A familiar situation?
Many of us have encountered students who follow a certain pattern: they begin the semester as full participants in the class, turning in assignments on time, and then all of a sudden disappear. They may trickle off — missing a class here and there first — or they may simply fall off the radar. Then, after missing most of the semester, they resurface, explain they’ve been struggling with something personal, and ask if they can “make up all the work.”
I’ve noticed, in personal interactions and on social media, a shift in how my peers respond to these students. Last year, a friend on Facebook related how he used to interpret students who followed this pattern: assuming they’re slackers, or that they’re partying too hard the night before to make it to class, or that they’re entitled — thinking they don’t have to follow attendance and lateness policies. Now, my friend explained, he has a better sense of how many students struggle with mental health issues on campus. The “drop off the radar” phenomenon is one of the most telling signs.
Catherine Savini describes a similar response in a Chronicle piece titled “Are You Being Rigorous or Just Intolerant?” She relates how students would sit in her class wearing earbuds, or a student would suddenly leave the room in the middle of an assignment, and how she would make assumptions based on her own “lens of previous experience.” In reality, she learned, some students on pain medication as well as students with ADHD wear earbuds because the music in the background helps them focus. The student who left the room, she learned, was having a panic attack.
One reason so many of us see patterns of seemingly inattentive or indifferent behavior from students is that so many of our students — and college students worldwide — suffer from mental health issues. A 2018 study of 14,000 students showed that 35% reported that they struggle with depression, anxiety, or another mental illness. Other surveys have shown similar results, and in some cases report even higher percentages of students suffering from overwhelming anxiety.
UA does have some resources and support services to offer students, many of which are listed on the Counseling Center website. Students with diagnosed mental health issues can also register with ODS, which in turn will inform the students’ professors and assist in setting up arrangements for modified attendance and other accommodations.
But what can the faculty do? We’re not counselors, after all, and we can’t simply pass a student who hasn’t shown up or done the work all semester.
Show support from day one.
Savini’s article mentioned above and a recent Faculty Focus article offer some strategies professors can use to show support for their students without stepping into the role of counselors. One recommendation is to let students know on the first day of class (and perhaps on the syllabus) that we as faculty support students with mental health issues and can connect them with the right resources if they find themselves struggling during the semester.
Reach out to your student and check in.
Another suggestion — one I have found valuable personally — is to reach out when we see a student starting to fall off the radar. Sending a short email, framed in a positive way, can make that student feel seen and supported. In past semesters, I have noticed students make a resurgent effort to attend class and get caught up after one of these check-ins. In all cases, they have thanked me for reaching out.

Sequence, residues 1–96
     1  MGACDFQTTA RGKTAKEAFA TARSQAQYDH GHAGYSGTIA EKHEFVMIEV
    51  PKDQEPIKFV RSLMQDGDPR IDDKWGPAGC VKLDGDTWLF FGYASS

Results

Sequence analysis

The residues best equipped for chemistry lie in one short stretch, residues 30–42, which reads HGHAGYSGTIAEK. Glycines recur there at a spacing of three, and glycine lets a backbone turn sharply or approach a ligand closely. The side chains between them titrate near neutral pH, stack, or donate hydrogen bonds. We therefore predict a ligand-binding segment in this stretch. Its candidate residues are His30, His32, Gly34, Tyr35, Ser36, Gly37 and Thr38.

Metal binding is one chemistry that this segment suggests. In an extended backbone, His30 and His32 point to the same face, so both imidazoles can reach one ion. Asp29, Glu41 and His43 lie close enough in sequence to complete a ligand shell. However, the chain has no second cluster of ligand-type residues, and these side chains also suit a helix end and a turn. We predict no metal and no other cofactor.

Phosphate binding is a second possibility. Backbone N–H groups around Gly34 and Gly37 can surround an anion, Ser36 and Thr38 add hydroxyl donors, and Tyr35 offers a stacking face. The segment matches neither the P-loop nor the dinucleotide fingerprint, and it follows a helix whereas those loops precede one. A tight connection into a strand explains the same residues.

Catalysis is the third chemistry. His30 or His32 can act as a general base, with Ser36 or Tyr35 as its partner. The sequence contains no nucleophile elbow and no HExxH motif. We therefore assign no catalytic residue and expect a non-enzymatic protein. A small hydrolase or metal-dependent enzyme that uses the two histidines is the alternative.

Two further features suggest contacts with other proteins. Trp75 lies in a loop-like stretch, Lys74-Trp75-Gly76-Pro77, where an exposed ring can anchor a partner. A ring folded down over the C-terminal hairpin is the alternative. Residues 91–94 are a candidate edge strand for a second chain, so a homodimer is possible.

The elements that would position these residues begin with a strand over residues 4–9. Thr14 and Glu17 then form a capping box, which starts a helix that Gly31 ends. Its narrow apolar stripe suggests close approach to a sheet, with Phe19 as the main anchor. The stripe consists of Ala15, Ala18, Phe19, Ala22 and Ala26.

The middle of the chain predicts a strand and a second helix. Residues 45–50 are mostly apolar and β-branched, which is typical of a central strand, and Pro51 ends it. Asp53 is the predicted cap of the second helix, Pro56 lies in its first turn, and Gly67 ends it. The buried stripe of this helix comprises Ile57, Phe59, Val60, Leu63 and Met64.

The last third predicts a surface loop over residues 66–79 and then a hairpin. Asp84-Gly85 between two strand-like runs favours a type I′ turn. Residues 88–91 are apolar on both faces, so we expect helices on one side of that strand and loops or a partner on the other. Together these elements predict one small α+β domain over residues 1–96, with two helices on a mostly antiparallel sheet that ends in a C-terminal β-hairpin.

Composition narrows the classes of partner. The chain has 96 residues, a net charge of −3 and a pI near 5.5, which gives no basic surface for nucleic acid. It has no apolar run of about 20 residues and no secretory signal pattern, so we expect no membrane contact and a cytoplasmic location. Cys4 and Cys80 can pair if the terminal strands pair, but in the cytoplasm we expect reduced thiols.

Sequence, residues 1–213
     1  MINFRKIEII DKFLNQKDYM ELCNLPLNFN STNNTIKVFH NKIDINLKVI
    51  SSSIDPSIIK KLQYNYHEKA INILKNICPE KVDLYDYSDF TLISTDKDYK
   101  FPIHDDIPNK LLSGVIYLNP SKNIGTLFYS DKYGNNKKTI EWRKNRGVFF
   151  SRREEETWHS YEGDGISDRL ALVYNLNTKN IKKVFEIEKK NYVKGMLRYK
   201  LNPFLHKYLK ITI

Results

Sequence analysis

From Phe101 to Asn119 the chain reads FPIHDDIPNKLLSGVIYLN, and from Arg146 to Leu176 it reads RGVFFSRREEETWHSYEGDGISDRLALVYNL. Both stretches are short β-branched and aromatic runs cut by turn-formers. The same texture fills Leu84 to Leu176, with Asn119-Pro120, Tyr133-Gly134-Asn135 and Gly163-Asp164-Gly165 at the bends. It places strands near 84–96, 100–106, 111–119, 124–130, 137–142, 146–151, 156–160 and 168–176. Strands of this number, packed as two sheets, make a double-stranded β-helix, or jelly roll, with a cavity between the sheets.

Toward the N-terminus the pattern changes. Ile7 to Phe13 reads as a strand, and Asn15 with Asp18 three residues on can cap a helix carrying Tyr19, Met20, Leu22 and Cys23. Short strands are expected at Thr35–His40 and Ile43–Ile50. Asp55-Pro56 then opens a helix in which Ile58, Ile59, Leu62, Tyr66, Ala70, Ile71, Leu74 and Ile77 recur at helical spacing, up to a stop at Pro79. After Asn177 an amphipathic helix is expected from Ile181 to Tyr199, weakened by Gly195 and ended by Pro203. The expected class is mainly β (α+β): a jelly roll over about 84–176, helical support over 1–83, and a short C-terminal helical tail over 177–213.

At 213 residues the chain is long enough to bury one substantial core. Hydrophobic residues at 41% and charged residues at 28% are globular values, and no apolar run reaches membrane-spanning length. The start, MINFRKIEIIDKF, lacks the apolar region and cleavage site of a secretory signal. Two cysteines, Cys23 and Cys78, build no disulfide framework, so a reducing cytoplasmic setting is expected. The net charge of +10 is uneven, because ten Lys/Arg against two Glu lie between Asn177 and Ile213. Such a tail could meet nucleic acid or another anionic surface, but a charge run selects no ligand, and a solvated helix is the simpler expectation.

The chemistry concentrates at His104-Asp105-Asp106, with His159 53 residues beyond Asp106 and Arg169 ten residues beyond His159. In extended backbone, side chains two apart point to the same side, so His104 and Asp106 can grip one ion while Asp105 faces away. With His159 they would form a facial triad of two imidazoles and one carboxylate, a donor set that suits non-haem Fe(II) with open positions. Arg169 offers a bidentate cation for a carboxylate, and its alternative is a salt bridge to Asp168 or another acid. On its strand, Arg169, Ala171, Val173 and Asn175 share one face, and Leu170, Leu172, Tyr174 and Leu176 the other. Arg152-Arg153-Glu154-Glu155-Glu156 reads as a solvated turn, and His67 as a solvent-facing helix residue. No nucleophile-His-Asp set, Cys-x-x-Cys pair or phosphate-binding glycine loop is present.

When sending an email, be extremely sensitive to both the content and the tone: both should be positive. Instead of saying, “Why have you missed the past four classes? You need to show up or you’ll fail the course,” you might say, “I wanted to check in with you because I’ve noticed you haven’t been attending recently. Please feel free to come by my office hours if you want to talk or if you need help getting caught up.”
Have a discussion about accommodations, and listen to your student’s needs.
When a student is registered with ODS, I’ve found it valuable to have a discussion with the student about the Attendance Modification Agreement, and to complete the document together. If a class allows for three absences as part of its attendance policy, you might ask the student (instead of telling them) how many absences they think would accommodate their needs. In my experience, student suggestions have always been reasonable, but if not, you can always frame your suggestion in terms of a compromise.
Know when you have to say no… but do it with compassion.
Sometimes, as a University of Washington DO-IT resource points out, students request accommodations that go beyond what’s reasonable or fair to other students — for example, if “making the accommodation means making a substantial change in an essential element of the curriculum” or “would require a substantial alteration in the manner in which educational opportunities are provided.” If, for example, you teach a class that involves daily active learning exercises designed to help students achieve a learning objective, and a student has missed 75% of the class, it may be unreasonable for the student to expect to pass the class.
As instructors who wish to support our students, we can feel guilty or intolerant when we have to say no to a student struggling with mental illness. When in doubt, it can be helpful to consult with a department chair or director of undergraduate studies, just to get another opinion. And, of course, deliver any disappointing news to the student with compassion and encouragement.
As faculty, it’s up to us to determine how much we want to support our students in these struggles. At the very least, however, it’s valuable both for us and our students to ensure we understand and comply with any accommodations requests with ODS, and to stay informed of support services and counseling resources on campus.